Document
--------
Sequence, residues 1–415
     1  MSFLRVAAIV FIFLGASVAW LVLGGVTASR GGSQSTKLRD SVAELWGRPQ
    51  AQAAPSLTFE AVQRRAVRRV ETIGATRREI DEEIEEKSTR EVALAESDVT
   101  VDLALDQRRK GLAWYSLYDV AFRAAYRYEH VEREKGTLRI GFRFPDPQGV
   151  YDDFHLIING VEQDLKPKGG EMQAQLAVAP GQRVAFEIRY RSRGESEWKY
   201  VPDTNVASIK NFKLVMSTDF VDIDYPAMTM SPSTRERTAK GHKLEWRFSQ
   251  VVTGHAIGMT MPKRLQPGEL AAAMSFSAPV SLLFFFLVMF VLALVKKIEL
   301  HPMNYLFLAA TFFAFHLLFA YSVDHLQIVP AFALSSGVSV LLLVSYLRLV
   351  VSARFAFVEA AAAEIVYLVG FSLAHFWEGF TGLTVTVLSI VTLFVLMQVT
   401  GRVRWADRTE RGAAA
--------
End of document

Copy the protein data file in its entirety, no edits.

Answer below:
Sequence, residues 1–415
     1  MSFLRVAAIV FIFLGASVAW LVLGGVTASR GGSQSTKLRD SVAELWGRPQ
    51  AQAAPSLTFE AVQRRAVRRV ETIGATRREI DEEIEEKSTR EVALAESDVT
   101  VDLALDQRRK GLAWYSLYDV AFRAAYRYEH VEREKGTLRI GFRFPDPQGV
   151  YDDFHLIING VEQDLKPKGG EMQAQLAVAP GQRVAFEIRY RSRGESEWKY
   201  VPDTNVASIK NFKLVMSTDF VDIDYPAMTM SPSTRERTAK GHKLEWRFSQ
   251  VVTGHAIGMT MPKRLQPGEL AAAMSFSAPV SLLFFFLVMF VLALVKKIEL
   301  HPMNYLFLAA TFFAFHLLFA YSVDHLQIVP AFALSSGVSV LLLVSYLRLV
   351  VSARFAFVEA AAAEIVYLVG FSLAHFWEGF TGLTVTVLSI VTLFVLMQVT
   401  GRVRWADRTE RGAAA